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Gospel singer Nthloki accused of fraud

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Khahliso Khama

 

MASERU — Popular gospel musician Francis Nthloki has been accused to mishandling contributions from poor community support groups that are part of the poverty alleviation project he founded seven years ago.

Nthloki started the Letlole la Boitjaro project in 2003 to raise funds to help community groups that were involved in the fight against HIV and Aids.

Every month each community group would contribute M700 to the Letlole la Boitjaro fund.

Nthloki had committed to raise extra funds through his music shows.

At the end of every year a group would then request for money from the fund to start income-generating projects to help fund the fight against HIV and assist Aids patients in their communities.

Ten community support groups joined the project when it started but by 2007 the number had dropped after other groups either completed their two-year membership terms while the others dropped out because they had internal conflicts.

The project worked well until November 2009 when ‘Makhoroana Support Group, from Berea district, requested funds at the end of the year which marked the end of their membership.

The group says since November last year they have been pursuing Nthloki to give them their money but with no success.

They say it seems Nthloki has used their money for personal purposes and is now resorting to delaying tactics.

They allege that there had been some curious transactions in Letlole la Boitjaro’s bank account, which is in Nthloki’s name.

‘Makhoroana Support Group’s leaders say they have also approached Mabote Police Station to intervene to force the 41-year-old musician to pay up.

They say in the first year of their membership Nthloki gave them their total contribution of M3 872.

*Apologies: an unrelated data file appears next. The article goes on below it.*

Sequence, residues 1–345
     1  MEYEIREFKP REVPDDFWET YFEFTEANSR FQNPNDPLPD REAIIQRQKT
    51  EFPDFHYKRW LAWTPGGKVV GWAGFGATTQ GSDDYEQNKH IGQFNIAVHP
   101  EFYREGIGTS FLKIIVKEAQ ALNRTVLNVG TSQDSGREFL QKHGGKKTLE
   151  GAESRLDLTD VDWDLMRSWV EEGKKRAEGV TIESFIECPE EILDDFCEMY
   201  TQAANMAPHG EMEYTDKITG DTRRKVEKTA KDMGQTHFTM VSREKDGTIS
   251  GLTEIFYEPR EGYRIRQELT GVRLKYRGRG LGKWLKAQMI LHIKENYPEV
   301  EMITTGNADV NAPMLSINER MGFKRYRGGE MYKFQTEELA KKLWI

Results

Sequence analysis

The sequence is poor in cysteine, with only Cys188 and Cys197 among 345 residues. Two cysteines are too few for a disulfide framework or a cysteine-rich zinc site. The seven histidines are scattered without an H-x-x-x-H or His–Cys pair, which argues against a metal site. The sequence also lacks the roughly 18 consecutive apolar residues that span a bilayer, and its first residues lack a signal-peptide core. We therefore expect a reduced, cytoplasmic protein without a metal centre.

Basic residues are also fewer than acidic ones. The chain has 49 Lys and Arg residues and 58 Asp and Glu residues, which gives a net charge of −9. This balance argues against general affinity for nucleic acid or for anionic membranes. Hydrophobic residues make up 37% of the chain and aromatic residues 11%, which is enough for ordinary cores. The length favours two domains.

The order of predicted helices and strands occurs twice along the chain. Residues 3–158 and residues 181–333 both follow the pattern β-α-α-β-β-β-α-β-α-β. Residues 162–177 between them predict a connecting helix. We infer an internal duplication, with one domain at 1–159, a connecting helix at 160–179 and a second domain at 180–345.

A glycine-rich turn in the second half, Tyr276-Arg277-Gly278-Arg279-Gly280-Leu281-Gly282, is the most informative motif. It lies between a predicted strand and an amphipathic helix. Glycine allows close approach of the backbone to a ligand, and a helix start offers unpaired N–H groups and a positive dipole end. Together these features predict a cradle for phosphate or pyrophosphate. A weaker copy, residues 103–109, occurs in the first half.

But since then, they say, Nthloki has failed to release the remainder, M7 466.10, for 2009.

Of this amount M5 600 was from their contributions and the rest came from concerts that they say Nthloki held in Makhoroana in 2009.

The chairman of the ‘Makhoroana Support Group, Jobo Moima, said he believed Nthloki diverted the money for personal use and was delaying the payment to the group because he wanted to buy time to plug the holes in the fund.

Moima said last year Nthloki postponed the day he was due to pay them claiming there were more funds coming in for the project.

“Nthloki postponed handing over our money last year saying we would get it in January this year. When January came, he never gave us the money until we approached him. He still did not deliver and instead he kept dodging us,” Moima said.

“We demanded that police help us get our money from Nthloki. Police instructed him to give us a bank statement and thereafter we should resolve the issue among ourselves.”

Moima said their calculations showed that Nthloki had collected M46 168 from the groups.

But when they checked the bank statement they discovered that there was only M28 529, he said.